The art of overdelivery
Terry van Rhyn of Ashgrove Marketing explains how striving to do more than customers expect can give businesses a competitive edge
I recently saw a great interview with Jack Welch, ex-CEO of General Electrics. Asked for the one piece of advice he would give to anyone in business, he was quick to respond with “overdeliver”.
So much hangs off that one word: it implies dedication, hard work, pushing boundaries, passion, intelligence and so much more.
(At this point it’s important to note I am not talking about this word in the context of the phrase “underpromise and overdeliver” – underpromising carries a myriad of risks and can quite rightly put you out of contention from the start!)
My first motto when I entered the ad agency world was to always try to exceed my clients’ expectations. The second motto that I have lived by as a business owner is a Peter Drucker quote: “The purpose of business is to create a customer”.
There are many other principles that have become part of my personal and working philosophy but these two encapsulate almost all key success factors in any business.
Overdelivering is an interesting concept. Let’s unpack it.
Firstly, it proposes that in order to overdeliver on anything, you are required to have a grasp on what it is that you will overdeliver on. That simply means full comprehension of the problem that needs solving – and that knowledge is gained through research and by asking a lot of “why” and “how” questions.
A rationale is then required to explain the problem resolution process in great detail, including the expected results of your suggested actions. The overdelivery is how you go about packaging the solution to either your client or boss. It has to demonstrate that you have gone beyond what has been expected and that you have uncovered a different and/or new way of addressing the problem.
In the ad agency world, this is a process we embrace as that is the reason why clients come to us. They need someone with business experience to look at a problem from a new or fresh perspective and to challenge the status quo, but then also to come up with creative solutions that will make a positive impact to their bottom line.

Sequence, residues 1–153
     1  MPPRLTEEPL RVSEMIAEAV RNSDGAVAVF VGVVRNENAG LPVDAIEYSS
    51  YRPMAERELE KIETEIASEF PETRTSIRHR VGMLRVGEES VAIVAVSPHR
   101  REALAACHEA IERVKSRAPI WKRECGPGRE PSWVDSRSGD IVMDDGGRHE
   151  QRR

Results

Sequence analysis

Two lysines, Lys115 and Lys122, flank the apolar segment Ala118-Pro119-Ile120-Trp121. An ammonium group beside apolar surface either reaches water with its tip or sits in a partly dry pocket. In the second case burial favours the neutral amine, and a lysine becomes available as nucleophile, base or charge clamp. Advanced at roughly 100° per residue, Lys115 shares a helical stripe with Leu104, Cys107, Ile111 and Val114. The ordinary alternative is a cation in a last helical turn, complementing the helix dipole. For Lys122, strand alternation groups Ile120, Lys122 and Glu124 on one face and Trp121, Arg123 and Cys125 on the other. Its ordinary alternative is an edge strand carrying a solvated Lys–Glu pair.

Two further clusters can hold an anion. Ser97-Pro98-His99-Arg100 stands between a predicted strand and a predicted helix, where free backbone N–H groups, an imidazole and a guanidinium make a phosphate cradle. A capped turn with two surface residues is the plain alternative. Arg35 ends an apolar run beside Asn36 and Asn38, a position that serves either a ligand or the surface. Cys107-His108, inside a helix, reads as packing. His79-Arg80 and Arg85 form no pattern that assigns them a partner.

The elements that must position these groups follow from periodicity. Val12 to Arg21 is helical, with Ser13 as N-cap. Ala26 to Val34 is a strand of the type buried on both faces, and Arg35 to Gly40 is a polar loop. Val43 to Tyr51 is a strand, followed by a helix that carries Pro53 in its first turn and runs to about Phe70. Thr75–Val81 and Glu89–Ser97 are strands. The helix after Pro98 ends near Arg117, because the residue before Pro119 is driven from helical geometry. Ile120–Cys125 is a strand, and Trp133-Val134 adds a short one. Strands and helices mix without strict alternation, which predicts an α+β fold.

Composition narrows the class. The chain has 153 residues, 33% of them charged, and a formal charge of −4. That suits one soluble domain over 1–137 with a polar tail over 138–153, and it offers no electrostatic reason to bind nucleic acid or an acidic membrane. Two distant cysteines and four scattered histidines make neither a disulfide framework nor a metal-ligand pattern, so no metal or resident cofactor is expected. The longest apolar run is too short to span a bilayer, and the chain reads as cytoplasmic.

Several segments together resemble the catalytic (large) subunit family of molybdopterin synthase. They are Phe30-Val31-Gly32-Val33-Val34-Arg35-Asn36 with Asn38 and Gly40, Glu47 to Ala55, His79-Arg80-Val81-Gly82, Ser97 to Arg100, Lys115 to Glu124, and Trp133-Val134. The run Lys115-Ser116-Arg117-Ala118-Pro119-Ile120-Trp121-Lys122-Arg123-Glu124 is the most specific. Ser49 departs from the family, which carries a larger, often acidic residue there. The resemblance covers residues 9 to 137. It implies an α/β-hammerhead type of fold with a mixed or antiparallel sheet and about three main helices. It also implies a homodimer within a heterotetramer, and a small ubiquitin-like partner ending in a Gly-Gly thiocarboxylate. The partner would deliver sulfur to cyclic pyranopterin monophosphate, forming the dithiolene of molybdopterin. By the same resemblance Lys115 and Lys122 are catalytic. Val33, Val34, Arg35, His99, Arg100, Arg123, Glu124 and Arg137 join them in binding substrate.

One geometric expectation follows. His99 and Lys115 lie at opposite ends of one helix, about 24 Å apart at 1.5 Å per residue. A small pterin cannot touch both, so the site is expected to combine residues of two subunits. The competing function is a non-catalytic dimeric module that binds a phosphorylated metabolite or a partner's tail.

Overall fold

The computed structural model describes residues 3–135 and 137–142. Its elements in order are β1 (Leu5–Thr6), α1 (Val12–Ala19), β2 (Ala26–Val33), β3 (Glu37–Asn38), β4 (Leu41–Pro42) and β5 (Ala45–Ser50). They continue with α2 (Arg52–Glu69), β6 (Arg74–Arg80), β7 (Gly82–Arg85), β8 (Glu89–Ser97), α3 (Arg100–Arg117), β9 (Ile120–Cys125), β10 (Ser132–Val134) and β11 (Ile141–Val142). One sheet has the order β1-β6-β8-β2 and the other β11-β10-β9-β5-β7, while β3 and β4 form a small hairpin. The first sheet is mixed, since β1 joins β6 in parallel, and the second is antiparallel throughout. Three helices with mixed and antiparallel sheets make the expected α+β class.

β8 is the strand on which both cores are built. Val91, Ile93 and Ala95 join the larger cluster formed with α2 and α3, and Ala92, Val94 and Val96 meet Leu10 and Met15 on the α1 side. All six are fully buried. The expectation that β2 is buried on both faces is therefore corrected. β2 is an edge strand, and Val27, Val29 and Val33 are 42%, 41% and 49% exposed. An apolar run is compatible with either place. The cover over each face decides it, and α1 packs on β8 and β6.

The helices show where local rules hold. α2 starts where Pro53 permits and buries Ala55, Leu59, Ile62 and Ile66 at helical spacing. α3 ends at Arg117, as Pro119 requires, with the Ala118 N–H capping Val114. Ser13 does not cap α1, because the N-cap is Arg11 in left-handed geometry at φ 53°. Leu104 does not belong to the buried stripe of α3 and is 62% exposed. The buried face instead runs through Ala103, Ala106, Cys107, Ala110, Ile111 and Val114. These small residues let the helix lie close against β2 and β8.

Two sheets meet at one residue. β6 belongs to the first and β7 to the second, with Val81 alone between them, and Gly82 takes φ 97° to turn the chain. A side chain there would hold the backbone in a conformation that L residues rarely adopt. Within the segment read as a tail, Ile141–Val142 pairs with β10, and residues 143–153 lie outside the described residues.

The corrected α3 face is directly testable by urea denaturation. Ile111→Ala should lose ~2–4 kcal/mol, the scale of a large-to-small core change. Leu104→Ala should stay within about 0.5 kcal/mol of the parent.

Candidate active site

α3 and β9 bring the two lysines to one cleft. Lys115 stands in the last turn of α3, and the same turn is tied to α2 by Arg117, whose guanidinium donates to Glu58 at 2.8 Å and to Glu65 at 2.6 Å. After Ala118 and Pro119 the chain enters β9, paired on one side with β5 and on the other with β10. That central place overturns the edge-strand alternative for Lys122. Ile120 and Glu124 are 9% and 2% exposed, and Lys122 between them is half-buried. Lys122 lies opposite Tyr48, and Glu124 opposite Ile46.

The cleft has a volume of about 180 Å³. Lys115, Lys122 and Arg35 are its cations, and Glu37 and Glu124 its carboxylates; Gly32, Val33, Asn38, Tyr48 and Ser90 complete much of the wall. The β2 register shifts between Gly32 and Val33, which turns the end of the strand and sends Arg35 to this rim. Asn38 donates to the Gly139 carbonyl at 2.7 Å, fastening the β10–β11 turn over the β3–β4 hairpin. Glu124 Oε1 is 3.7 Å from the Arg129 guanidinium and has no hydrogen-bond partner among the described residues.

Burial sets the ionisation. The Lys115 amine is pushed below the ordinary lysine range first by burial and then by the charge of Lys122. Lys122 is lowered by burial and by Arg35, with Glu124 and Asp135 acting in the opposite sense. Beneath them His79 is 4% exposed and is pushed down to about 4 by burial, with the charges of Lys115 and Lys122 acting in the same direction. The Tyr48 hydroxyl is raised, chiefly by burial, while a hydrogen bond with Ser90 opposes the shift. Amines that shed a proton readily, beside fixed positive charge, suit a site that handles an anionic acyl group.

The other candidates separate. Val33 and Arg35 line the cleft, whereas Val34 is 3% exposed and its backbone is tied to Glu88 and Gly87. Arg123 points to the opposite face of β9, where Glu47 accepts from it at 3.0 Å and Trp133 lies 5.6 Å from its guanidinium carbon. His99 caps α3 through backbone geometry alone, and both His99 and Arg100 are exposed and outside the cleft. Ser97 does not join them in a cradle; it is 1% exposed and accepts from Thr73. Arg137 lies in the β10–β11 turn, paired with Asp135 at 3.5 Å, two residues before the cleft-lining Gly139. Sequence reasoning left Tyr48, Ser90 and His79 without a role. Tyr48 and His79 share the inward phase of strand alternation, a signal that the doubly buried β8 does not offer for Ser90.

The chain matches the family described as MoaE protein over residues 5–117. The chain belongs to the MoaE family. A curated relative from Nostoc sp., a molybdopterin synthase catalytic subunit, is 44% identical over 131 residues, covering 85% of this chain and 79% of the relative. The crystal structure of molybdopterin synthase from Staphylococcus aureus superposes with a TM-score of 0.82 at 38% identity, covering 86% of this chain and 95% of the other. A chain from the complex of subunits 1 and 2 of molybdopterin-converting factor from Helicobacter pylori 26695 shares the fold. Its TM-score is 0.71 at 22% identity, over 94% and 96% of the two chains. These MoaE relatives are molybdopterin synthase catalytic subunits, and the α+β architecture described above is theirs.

The same outcome is delivered if you think about the significance and the possible consequence of Drucker’s statement: “The purpose of business is to create a customer”. It simply means that, no matter the business industry or sector you operate within, you will ultimately need a person to “buy” your products or services. Literally everything you do in business revolves around this premise and your business will succeed or not, as a result. It’s that simple.
If people can’t see the value in their interaction with your business, they will not remain a customer or client. We are all consumers and we all know what it means to love a brand -and what it feels like when you make a conscious decision never to engage with a brand of business ever again.
I don’t believe anyone deliberately sets out to build a bad brand. More often than not it’s just that the real purpose or value has not yet been uncovered and often what you think you are selling is not what you should be focussed on. This can be the business owner’s own fault for failing to listen or to think through the best way to package the message in a compelling manner. Sometimes they are stuck on how wonderful the product or service is that they forget to ask the simple question – how does it makes my client/customer feel?
Yes, feelings! I’ve said it. It is in the end all about “feelings”! Typically we make buying decisions based on emotional triggers and then we later have to work hard to justify the purchase decision. This behaviour is explained as cognitive dissonance.
When someone overdelivers, it allows for a few more emotional triggers to be pulled and as a result you are left with a “feeling” that someone has gone beyond the call of duty – just for you!
By putting your customer or client at the centre of your universe, good things will happen. It’s then our job, as an agency, to make sure our client’s brand occupies a tiny piece of real estate in their customers’ minds. The more emotional and relevant the reason, the more it will be a meaningful and long-term condition.
The mind allows this to happen because when you feel good about something, you want it to happen again and again. Sometimes it is difficult to articulate why you like or love something, all you experience is a feeling.
So, generate those positive feelings by overdelivering, over and over!